Next we define the two remaining actions, start_incr and end_incr. These actions parse positive integers into the appropriate variables. As we read each digit of a number, we want to multiply the stored number by 10 and add the digit. Here we take advantage of the special variable fc described above:

action start_incr { range->start = range->start * 10 + (fc - '0'); }

action end_incr { range->end = range->end * 10 + (fc - '0'); }

Note the old parsing trick of subtracting '0' to convert a character to an integer.

That’s it for actions. We are almost finished with our parser.

3.5. Putting it all together

Actions and the grammar should go inside a Ragel block inside your parser function, but after the declarations of p, pe, and cs. I.e., something like:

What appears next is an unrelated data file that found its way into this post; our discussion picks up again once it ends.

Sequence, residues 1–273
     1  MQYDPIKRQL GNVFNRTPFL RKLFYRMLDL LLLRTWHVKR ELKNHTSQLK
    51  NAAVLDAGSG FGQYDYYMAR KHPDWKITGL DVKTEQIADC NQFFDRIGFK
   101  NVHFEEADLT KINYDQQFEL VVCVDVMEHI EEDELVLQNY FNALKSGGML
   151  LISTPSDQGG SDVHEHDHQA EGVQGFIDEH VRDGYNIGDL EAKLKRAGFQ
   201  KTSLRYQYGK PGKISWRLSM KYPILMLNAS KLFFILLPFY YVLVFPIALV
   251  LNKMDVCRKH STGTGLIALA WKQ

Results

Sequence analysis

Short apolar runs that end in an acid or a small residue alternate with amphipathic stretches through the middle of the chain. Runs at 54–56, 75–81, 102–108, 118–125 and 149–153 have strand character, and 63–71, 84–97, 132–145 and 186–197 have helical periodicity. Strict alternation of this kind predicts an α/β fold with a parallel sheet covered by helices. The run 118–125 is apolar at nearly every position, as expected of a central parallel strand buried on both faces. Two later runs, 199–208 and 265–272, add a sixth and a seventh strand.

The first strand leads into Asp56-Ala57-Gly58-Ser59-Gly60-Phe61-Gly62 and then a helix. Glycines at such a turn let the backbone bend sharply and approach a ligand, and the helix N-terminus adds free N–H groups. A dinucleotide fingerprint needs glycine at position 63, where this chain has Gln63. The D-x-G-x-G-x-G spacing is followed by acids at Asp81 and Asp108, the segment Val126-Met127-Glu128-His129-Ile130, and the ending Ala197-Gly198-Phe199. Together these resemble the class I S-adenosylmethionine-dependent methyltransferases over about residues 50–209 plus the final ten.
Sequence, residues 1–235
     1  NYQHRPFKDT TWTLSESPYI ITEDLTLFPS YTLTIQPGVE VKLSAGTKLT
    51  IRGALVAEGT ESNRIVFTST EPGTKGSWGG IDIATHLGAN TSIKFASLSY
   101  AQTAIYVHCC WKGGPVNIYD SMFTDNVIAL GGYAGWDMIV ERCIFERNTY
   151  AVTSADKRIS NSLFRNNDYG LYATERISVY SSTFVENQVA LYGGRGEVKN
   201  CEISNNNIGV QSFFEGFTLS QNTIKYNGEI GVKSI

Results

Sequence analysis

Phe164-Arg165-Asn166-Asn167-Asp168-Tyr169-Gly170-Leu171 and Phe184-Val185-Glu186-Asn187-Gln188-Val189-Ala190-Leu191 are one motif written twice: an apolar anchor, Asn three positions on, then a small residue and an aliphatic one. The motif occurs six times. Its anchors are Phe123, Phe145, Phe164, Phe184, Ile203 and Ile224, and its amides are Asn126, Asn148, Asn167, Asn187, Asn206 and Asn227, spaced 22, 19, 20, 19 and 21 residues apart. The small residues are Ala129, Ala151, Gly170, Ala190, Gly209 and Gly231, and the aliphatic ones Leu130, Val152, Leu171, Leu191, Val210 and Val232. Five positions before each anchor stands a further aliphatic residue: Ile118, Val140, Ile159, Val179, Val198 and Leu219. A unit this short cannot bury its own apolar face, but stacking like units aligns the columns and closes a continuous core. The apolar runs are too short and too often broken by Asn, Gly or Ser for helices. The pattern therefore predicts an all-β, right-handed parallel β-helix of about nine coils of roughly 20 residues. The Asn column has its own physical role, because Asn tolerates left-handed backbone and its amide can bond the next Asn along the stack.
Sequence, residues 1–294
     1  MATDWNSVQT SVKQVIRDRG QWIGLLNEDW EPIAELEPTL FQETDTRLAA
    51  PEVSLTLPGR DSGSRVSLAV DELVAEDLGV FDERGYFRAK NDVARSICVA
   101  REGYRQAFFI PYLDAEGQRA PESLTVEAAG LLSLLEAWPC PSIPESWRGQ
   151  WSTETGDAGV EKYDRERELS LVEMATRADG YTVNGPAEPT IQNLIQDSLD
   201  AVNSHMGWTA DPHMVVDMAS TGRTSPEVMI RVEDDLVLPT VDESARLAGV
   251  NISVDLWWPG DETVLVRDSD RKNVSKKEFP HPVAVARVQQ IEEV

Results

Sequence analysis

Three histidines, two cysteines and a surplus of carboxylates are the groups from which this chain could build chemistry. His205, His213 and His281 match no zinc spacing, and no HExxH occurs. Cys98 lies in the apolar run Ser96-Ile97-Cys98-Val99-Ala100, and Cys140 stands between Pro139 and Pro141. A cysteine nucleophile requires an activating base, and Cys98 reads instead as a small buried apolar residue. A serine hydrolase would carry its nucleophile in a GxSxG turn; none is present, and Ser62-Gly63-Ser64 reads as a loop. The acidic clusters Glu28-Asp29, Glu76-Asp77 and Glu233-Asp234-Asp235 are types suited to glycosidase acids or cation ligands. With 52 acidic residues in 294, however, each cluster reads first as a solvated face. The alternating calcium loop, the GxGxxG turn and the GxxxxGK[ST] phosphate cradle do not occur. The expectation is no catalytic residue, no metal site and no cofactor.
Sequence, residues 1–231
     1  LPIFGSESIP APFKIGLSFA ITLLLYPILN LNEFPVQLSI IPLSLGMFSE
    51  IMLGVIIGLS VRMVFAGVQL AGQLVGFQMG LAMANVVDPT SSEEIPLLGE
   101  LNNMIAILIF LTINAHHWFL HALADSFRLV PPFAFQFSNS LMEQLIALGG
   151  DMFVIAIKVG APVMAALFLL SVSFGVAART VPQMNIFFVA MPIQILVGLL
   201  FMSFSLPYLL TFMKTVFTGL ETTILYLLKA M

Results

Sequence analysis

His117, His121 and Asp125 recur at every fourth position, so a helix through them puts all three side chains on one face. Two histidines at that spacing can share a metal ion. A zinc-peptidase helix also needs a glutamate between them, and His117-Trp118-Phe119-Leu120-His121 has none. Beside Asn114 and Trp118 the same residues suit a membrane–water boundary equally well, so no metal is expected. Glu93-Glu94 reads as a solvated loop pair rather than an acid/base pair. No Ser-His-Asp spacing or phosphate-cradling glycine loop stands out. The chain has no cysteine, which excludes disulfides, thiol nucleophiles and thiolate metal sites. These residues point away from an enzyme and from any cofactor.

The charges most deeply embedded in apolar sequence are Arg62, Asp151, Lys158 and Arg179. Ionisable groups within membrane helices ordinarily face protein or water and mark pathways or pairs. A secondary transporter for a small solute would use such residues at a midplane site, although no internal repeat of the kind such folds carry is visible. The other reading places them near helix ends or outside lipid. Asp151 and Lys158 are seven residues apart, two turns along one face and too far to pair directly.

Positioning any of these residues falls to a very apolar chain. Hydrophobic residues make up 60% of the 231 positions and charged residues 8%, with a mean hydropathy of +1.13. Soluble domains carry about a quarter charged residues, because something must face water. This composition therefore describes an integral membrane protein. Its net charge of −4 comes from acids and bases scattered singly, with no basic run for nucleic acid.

ngx_int_t my_parser(/* some context, the request struct, etc. */) 
    int cs;
    u_char *p = ctx->beginning_of_data;
    u_char *pe = ctx->end_of_data;

        /* Actions */
        action some_action { /* C code goes here */ }
        action other_action { /* etc. */ }

        /* Grammar */
        my_rule = [0-9]+ "-" >some_action;
        main := ( my_rule )* >other_action;

        write init;
        write exec;

    if (cs < my_parser_first_final) {
        return NGX_ERROR;

    return NGX_OK;

We’ve added a few extra pieces here. The first are write init and write exec. These are commands to Ragel to insert the generated parser (written in C) right there.